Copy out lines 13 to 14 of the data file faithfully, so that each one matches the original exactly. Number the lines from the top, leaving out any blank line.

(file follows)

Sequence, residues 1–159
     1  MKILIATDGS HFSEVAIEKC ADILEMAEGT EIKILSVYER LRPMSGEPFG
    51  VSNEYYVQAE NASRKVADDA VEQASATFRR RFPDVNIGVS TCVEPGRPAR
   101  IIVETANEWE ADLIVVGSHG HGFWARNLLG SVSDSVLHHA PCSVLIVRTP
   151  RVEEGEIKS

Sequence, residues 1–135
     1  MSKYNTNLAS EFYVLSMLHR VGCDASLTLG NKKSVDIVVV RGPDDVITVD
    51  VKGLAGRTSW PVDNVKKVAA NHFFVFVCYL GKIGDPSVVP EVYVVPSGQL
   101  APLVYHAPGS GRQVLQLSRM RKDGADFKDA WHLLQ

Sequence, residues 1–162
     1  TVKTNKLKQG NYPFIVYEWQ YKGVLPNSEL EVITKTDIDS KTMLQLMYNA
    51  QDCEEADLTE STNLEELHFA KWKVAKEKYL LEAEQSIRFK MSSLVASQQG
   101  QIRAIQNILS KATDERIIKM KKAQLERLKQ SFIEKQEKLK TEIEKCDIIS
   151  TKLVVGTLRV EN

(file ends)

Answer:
   101  QIRAIQNILS KATDERIIKM KKAQLERLKQ SFIEKQEKLK TEIEKCDIIS
   151  TKLVVGTLRV EN